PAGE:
Buckhannon fire chief J.B. Kimble, left, honors longtime volunteer firefighter Dion Wamsley for his more than 15 years of service at a recent Buckhannon City Council meeting. Kimble recently shared some fire safety tips with My Buckhannon.

Kimble shares fire safety tips

BUCKHANNON – Members of the Buckhannon Fire Department are busy every day, answering nearly 120 calls of service per month for a total of between 1,200 to 1,400 calls of service per year.

And with October being National Fire Prevention Month, Buckhannon Fire Chief J.B. Kimble wants to remind everyone to be smart about fire safety.

“Every year in October we visit every elementary school in our district,” Kimble said. “That accounts for roughly 1,000 students. We go to the CDC (Child Development Center) Kids R Kids, daycares and the pre-schools and we talk with them about fire safety.”

Kimble said most of the younger children are only interested in seeing the fire trucks.

“But we talk to them about fire safety – Stop! Drop! And roll!” he said.

He said the older elementary students learn about what it takes to create fire, what to do when there is smoke, keeping low to the ground and when to call 911.

“Basically going into the schools allows us to meet with the kids and have a face-to-face contact,” Kimble said. “This helps them become familiar with firemen so they are not afraid, which is a big thing. During a fire or other emergency, we don’t want children to be afraid and hide from us, because it makes it harder for us to find them if they are a bad situation.”

Kimble said during their visits to the classrooms, they sometimes pull the teacher aside while talking and have the teacher put on the turnout gear – what firefighters wear to the scene of a fire. He said, when the teacher walks into the classroom, completely dressed in the turnout gear and pops out of the uniform, they see a familiar face and it helps them be less afraid.

“With our gear, we sometimes look like Darth Vader,” Kimble said. “It helps them realize it is still someone friendly they know on the inside. It helps promote the knowledge that a fireman is your friend.”

During the October visits, Kimble said the students can get into and onto the fire trucks. He said they talk with the older students about how the trucks pump water, how many calls the department makes per year and other fire safety information.

“We also talk to classes about different fire aspects,” Kimble said. “At the middle school, we talk about the science of fire. It just depends on the age of the group.”

In October, Buckhannon firefighters also visit with the folks at the Upshur County Senior Center.

“We remind them about changing the batteries in their smoke detectors and help remind them not to wear loose clothing while cooking because they can accidently catch fire,” Kimble said.

As the weather is cooling down and we approach the Holiday season, Kimble shared some home fire prevention tips.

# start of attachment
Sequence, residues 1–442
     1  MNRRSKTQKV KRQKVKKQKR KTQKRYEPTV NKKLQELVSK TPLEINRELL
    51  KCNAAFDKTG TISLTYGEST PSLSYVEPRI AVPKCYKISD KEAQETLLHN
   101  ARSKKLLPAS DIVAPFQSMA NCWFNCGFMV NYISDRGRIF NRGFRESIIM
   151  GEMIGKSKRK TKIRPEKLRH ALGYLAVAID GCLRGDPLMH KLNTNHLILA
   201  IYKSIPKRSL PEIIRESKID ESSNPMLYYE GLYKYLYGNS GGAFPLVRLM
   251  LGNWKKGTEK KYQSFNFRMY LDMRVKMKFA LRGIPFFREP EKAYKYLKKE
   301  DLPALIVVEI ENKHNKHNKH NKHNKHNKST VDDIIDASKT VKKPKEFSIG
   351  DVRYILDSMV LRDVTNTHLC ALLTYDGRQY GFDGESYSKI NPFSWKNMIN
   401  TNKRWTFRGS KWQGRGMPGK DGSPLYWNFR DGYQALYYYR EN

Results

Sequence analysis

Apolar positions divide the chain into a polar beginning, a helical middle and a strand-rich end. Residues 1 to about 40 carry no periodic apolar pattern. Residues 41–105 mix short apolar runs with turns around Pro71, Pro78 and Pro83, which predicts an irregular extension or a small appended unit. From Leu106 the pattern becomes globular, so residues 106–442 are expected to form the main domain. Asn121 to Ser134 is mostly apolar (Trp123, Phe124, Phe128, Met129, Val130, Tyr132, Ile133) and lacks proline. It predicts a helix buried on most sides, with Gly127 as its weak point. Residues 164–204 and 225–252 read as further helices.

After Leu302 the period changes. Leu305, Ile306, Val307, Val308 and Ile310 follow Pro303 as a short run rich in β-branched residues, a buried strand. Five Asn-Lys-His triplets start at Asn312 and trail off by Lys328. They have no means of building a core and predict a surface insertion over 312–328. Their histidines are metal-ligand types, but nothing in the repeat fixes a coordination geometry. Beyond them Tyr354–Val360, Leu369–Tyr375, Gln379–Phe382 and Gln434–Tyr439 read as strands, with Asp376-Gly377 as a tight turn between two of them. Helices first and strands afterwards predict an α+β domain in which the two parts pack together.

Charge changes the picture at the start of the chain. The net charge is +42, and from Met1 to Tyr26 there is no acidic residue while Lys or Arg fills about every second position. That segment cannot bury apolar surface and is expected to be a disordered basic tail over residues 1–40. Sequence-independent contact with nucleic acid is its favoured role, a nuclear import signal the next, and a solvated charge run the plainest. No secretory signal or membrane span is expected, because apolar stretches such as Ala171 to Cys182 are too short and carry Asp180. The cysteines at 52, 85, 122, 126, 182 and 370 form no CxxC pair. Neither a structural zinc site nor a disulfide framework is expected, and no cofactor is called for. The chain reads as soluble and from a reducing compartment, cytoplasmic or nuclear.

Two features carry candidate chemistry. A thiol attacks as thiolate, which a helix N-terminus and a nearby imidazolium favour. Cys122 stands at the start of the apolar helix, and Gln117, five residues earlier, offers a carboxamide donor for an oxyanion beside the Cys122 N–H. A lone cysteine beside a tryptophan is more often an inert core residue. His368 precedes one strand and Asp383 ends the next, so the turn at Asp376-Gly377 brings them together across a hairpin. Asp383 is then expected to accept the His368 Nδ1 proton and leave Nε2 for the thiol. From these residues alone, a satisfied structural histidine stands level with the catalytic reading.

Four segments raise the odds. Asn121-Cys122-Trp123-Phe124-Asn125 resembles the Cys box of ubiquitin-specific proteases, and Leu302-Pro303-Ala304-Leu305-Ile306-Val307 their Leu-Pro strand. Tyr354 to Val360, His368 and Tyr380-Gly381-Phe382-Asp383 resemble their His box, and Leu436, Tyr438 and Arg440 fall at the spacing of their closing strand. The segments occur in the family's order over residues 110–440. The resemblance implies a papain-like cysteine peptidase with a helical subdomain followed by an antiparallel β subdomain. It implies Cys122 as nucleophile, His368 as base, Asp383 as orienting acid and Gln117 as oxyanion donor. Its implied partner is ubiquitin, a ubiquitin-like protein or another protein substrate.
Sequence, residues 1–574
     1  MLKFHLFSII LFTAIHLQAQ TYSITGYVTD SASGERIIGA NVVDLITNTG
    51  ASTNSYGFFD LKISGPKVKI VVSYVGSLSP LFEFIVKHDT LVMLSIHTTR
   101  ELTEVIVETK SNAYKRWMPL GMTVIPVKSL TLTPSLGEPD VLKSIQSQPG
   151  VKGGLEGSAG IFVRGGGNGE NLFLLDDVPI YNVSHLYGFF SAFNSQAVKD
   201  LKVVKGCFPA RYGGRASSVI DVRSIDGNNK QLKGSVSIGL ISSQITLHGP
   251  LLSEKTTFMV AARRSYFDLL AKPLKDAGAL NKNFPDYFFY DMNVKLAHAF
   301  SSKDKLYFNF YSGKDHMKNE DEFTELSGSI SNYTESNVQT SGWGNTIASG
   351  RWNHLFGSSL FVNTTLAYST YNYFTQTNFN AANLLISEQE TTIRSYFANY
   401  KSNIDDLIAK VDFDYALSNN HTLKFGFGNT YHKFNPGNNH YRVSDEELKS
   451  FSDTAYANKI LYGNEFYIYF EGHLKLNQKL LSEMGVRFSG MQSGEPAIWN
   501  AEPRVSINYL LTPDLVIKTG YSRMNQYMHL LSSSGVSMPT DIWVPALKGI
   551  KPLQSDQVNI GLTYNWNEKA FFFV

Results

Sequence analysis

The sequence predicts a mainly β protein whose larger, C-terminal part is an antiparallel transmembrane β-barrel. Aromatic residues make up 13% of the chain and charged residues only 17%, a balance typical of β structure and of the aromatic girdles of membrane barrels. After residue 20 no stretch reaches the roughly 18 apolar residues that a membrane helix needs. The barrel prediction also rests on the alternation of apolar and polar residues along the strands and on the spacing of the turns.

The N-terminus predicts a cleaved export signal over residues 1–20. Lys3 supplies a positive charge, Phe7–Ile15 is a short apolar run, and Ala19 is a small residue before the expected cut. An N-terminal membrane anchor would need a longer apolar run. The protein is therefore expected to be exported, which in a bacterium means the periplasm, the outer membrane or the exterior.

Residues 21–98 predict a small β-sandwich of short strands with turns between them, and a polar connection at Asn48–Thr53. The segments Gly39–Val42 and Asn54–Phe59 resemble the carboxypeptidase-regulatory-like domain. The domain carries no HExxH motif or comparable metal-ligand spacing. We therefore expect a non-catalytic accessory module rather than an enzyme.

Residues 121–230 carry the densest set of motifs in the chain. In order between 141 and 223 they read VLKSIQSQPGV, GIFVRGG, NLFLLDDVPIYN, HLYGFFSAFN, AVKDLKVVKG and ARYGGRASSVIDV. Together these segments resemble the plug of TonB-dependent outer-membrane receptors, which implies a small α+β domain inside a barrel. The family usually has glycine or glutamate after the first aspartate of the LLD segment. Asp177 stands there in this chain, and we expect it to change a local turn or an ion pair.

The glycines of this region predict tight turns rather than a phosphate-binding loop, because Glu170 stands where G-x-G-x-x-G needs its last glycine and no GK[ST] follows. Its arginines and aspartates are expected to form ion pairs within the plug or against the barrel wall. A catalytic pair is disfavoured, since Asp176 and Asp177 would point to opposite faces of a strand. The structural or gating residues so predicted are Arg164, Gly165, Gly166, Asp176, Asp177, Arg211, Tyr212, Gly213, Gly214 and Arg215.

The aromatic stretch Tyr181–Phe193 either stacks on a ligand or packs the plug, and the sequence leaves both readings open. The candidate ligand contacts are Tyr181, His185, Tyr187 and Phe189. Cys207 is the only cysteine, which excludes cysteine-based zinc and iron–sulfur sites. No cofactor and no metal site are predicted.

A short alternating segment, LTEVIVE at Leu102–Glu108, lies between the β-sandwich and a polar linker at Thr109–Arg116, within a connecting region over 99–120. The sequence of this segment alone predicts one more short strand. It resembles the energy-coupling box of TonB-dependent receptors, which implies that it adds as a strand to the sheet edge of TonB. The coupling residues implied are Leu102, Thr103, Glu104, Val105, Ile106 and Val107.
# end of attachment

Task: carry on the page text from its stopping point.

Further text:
“It’s not really cold enough to turn on the furnaces or throw wood into the wood burner, so lots of people depend on space heaters,” Kimble said. “Space heaters are a good thing if you keep an eye on them. The newer ones shut themselves off if they are [knocked over] but older ones need to be attended to be safe.”

According to Kimble, some of the older space heaters are dangerous because of faulty or damaged wiring or because people use extension cords with them. He said cheap extension cords are not designed to carry the load from space heaters or Christmas lights.

“I always tell people if they are going to use a space heater to stay in the room and check on it on a regular basis,” he said. “It’s also a good time to have your furnace and chimneys checked for safety.”

Holidays can account for more cooking and baking and Kimble said to remember when a grease fire starts, it is best to smother the fire with a lid or baking soda. To leave the pan on the stove risks splashing hot grease on the floor or on yourself, causing a bad burn. Doing so could even spark a secondary fire.

“Know at what point it is time to leave,” Kimble said. “The best thing to do when you get to that point is get out of the home and call 911.”

Kimble said right now, the Buckhannon Fire Department is having issues with outdoor burning.

“People need to know fire season is right now and they can only burn after 5 p.m. and the fire must be out by 7 a.m. the following morning,” he said. “They must be with the fire the entire time it is burning.”

“In the Buckhannon City limits, residents must obtain a burning permit,” the chief added. “If you are going to burn a pit fire for cooking, you must call the fire house and we come and inspect it for safety and proximity to neighbors. The biggest thing is to call us first.”

National Fire Prevention Week and Month started in 1922 when the National Fire Prevention Association named the second week in October as Fire Prevention Week in commemoration of the 1871 Great Chicago Fire.

According to the NFPA, in 2016 there were 352,000 home fires and 3 out of 5 fire deaths occurred in homes without smoke alarms. The association reported that carbon monoxide is the no. 1 cause of accidental deaths and said that less than 50 percent of U.S. homeowners have a fire escape plan.

In Upshur County, there are seven fire departments including Buckhannon, Adrian, Ellamore, Banks District, Washington District, Warren and Selbyville.

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